The apparatus 10 of FIG. 2 thus enables convenient and faithful translation of printed musical scores to the musical sounds they represent. This is especially useful for individuals who cannot read music. For example, MIDI symbol codes can be printed in music instruction books to enable a student to hear how a printed musical score should sound. In addition, collaborating musicians in separate locations can readily send musical scores to each other by facsimile transmission of symbols 14 or data transmissions of MIDI symbol codes for convenient musical reproduction and editing.

Symbol-Encoded Books

FIG. 3 illustrates another embodiment of the invention, wherein bar code symbols, such as PDF417 symbols, are printed on pages of a book and pre-encoded to represent the printed text on the book pages. Thus, as seen in FIG. 3, a symbol 42 is printed on a book page 44 together with alphanumeric text 45. Symbol 42 is encoded to represent the printed text in alphanumeric code, such as ASCII code, or to represent phonetic data of the sounds of the printed text when read aloud. Phonetic data uses less symbol area and can be more conveniently converted to voice than ASCII code.

The apparatus 40 of FIG. 3 also includes a scanner/decoder 46 for scanning and decoding symbol 42 to symbol data. A translator 48 translates the symbol data into phonetic data (or ASCII data) which is then fed to a converter 50 for conversion to voice analog signals reproduced by speaker 51. This conversion can be performed, for example, by using a look-up table to convert phonetic code words into synthesized vocal sounds which are compiled into spoken words representing a reading of the printed text. If the symbols are encoded in ASCII code, converter 50 converts the ASCII code to a synthesized voice reading of the printed text.

As also illustrated in FIG. 3, the phonetic data or ASCII data can also be fed to an editing system 52 where the data can be stored, edited, displayed, or transmitted to a remote location. To print symbol 42, editing system 52 generates phonetic or ASCII data to a translator 54 for conversion to symbol data. A printer 56 then prints symbols 42 on book pages 58. Translator 54 and printer may also be equipped to print the appropriate text 59 on the book pages in conjunction with the symbol 42 in a combined operation.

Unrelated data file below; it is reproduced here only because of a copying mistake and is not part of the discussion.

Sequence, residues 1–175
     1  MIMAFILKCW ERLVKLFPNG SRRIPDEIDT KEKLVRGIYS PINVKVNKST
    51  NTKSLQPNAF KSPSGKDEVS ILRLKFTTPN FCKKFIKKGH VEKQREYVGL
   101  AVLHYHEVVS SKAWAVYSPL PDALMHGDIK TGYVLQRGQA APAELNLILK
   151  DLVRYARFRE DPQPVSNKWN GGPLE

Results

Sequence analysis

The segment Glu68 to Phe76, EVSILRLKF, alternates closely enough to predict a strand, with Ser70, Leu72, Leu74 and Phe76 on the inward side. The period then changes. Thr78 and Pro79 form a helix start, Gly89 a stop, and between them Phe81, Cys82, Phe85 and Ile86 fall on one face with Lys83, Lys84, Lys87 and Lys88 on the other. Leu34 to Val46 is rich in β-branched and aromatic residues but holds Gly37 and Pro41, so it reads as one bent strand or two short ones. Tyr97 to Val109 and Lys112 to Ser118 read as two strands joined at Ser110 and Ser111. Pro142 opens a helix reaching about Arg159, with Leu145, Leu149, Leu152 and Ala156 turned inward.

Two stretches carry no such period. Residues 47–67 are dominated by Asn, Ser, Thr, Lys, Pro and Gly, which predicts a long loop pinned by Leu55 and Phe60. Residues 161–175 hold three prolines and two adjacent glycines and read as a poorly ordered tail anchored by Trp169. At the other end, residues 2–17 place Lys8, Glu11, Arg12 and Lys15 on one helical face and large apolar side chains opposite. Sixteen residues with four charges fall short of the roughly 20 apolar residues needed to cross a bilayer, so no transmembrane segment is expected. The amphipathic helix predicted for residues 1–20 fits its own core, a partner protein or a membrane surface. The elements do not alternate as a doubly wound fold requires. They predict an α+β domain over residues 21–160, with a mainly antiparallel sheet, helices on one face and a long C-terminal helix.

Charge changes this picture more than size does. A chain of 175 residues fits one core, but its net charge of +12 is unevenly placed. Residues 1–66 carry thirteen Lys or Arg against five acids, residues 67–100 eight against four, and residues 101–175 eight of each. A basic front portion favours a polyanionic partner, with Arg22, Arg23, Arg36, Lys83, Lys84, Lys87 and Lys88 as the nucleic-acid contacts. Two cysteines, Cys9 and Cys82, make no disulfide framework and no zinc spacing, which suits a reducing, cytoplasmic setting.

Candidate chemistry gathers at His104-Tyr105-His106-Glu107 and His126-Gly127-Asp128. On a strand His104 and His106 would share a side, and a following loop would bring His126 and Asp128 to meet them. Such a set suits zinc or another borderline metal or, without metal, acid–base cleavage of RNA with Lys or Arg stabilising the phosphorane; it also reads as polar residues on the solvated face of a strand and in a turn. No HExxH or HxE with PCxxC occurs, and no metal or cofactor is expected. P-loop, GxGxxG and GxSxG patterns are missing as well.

By virtue of this embodiment of the invention, the blind gain access to books by being able to listen to a synthesized voice reading of a book derived from the symbols printed on the book pages. This approach will also benefit persons learning to read. Invisible ink can also be used to print the symbols, thus rendering them unobtrusive.

It will be appreciated that the apparatus of FIG. 3 may also be used for encoding the symbols with drawing data created by computer aided design (CAD) programs. In this approach, a scanner reads and decodes the symbols printed on the drawing sheets to symbol data, and the symbol data is then translated into a drawing data format compatible with a CAD system. The drawings can then be read by the CAD system and manipulated, revised, etc., in the same manner as standard CAD files. When the CAD system prints out a new drawing on a clean sheet, the stored CAD data is converted to symbol code. That code can later be used to generate a printout on the drawing sheet of a symbol encoded to represent of the new edited drawing.

Symbol-Encoded Signature Information

In the embodiment of the invention seen in FIG. 4, a symbol, such as a PDF417 bar two-dimensional code symbol, is encoded with signature information. This signature information is encoded in the symbol in a suitable format, such as a bit-mapped representation of a signature. The signature-encoded symbol 70 is printed on or otherwise affixed to a credit card 72 or other instrument or document. Although the credit card bears the printed name of the authorized card holder, the card holder's signature will not appear on the card.

When a customer desires to make a purchase using credit card 72, the credit card is presented to a sales person. The signature-encoded symbol 70 on credit card 72 is then scanned and decoded to symbol data by a scanner/decoder 74 included in signature capture and verification apparatus 76 of FIG. 4. Scanner/decoder 74 may be constructed in the manner taught in the above-cited U.S. patent application Ser. No. 07/851,505.

The symbol data is fed to a computer 80 which includes a processor 81 and a display screen 82. Processor 81 converts the symbol data into a bit-mapped representation of the signature the authorized holder of credit card 72 using a suitable conversion algorithm. The bit-mapped signature data is then displayed on screen 82 as an image 83 of the authorized cardholder's signature.

Apparatus 76 also includes a pen-based computer 84 which includes a scratch pad 85 and an electronic pen 86. In practice, computer 80 and pen-based computer 84 may comprise a single computer system. For example, the functions of computers 80 and 84 may be implemented using a Portable Data Terminal (PDT) 330, produced by Symbol Technologies, Inc., assignee of this application, combined with an Advanced Function Technology (AFT) pen based subsystem, produced by Calcomp, of Scotsdale, Ariz.